DownVol:

'Downside risk is the financial risk associated with losses. That is, it is the risk of the actual return being below the expected return, or the uncertainty about the magnitude of that difference. Risk measures typically quantify the downside risk, whereas the standard deviation (an example of a deviation risk measure) measures both the upside and downside risk. Specifically, downside risk in our definition is the semi-deviation, that is the standard deviation of all negative returns.'

Applying this definition to our asset in some examples:
  • The downside risk over 5 years of iShares MSCI Austria ETF is 19.9%, which is higher, thus worse compared to the benchmark SPY (15%) in the same period.
  • Compared with SPY (12.1%) in the period of the last 3 years, the downside risk of 16.4% is greater, thus worse.

Sharpe:

'The Sharpe ratio is the measure of risk-adjusted return of a financial portfolio. Sharpe ratio is a measure of excess portfolio return over the risk-free rate relative to its standard deviation. Normally, the 90-day Treasury bill rate is taken as the proxy for risk-free rate. A portfolio with a higher Sharpe ratio is considered superior relative to its peers. The measure was named after William F Sharpe, a Nobel laureate and professor of finance, emeritus at Stanford University.'

Using this definition on our asset we see for example:
  • The risk / return profile (Sharpe) over 5 years of iShares MSCI Austria ETF is 0.08, which is lower, thus worse compared to the benchmark SPY (0.56) in the same period.
  • Looking at risk / return profile (Sharpe) in of 0.04 in the period of the last 3 years, we see it is relatively lower, thus worse in comparison to SPY (0.41).

Sortino:

'The Sortino ratio improves upon the Sharpe ratio by isolating downside volatility from total volatility by dividing excess return by the downside deviation. The Sortino ratio is a variation of the Sharpe ratio that differentiates harmful volatility from total overall volatility by using the asset's standard deviation of negative asset returns, called downside deviation. The Sortino ratio takes the asset's return and subtracts the risk-free rate, and then divides that amount by the asset's downside deviation. The ratio was named after Frank A. Sortino.'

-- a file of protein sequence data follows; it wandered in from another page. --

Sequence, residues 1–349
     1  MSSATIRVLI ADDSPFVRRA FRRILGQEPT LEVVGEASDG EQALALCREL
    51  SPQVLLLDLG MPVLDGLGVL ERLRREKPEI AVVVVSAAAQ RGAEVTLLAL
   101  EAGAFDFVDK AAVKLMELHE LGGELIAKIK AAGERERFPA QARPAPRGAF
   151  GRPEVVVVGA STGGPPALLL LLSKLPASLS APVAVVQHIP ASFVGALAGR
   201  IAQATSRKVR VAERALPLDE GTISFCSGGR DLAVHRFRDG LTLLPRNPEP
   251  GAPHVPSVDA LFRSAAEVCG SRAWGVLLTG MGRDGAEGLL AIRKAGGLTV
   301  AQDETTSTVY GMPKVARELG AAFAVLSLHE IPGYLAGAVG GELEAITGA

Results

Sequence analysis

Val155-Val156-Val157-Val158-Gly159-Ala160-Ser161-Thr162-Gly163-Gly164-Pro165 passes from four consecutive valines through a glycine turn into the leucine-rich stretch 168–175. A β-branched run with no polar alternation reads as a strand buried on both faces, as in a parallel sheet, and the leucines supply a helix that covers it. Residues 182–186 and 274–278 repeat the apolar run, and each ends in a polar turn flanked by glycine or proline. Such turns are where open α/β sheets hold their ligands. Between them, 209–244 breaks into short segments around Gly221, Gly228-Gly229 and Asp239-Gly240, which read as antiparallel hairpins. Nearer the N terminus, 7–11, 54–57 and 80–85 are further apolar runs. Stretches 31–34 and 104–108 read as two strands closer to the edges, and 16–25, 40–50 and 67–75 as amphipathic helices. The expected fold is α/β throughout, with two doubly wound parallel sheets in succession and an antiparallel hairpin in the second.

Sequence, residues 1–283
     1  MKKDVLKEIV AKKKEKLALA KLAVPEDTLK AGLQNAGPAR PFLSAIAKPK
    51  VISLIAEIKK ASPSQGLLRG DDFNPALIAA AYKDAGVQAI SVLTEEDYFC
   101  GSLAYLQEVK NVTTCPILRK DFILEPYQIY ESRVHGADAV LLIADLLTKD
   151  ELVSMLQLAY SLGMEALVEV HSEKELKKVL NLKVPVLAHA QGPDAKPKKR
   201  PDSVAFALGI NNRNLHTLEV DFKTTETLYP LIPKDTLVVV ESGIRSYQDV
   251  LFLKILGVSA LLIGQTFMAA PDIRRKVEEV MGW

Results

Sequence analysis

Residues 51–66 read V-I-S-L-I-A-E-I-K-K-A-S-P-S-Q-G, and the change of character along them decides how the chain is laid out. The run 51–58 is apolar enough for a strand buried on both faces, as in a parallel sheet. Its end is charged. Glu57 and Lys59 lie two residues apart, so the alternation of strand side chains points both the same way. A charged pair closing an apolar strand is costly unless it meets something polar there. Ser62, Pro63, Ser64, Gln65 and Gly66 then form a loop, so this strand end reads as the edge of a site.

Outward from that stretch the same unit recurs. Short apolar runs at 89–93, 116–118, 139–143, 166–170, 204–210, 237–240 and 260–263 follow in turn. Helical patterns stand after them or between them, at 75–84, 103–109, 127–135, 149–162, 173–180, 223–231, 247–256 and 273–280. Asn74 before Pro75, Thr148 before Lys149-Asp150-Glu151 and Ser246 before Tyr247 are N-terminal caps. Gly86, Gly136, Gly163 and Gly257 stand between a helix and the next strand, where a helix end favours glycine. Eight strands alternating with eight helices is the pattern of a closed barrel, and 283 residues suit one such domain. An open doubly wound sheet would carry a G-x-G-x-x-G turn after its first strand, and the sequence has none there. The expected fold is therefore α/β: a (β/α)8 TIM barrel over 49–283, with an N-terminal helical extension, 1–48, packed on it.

Which means for our asset as example:
  • Looking at the downside risk / excess return profile of 0.1 in the last 5 years of iShares MSCI Austria ETF, we see it is relatively lower, thus worse in comparison to the benchmark SPY (0.79)
  • Looking at ratio of annual return and downside deviation in of 0.06 in the period of the last 3 years, we see it is relatively lower, thus worse in comparison to SPY (0.59).

Ulcer:

'Ulcer Index is a method for measuring investment risk that addresses the real concerns of investors, unlike the widely used standard deviation of return. UI is a measure of the depth and duration of drawdowns in prices from earlier highs. Using Ulcer Index instead of standard deviation can lead to very different conclusions about investment risk and risk-adjusted return, especially when evaluating strategies that seek to avoid major declines in portfolio value (market timing, dynamic asset allocation, hedge funds, etc.). The Ulcer Index was originally developed in 1987. Since then, it has been widely recognized and adopted by the investment community. According to Nelson Freeburg, editor of Formula Research, Ulcer Index is “perhaps the most fully realized statistical portrait of risk there is.'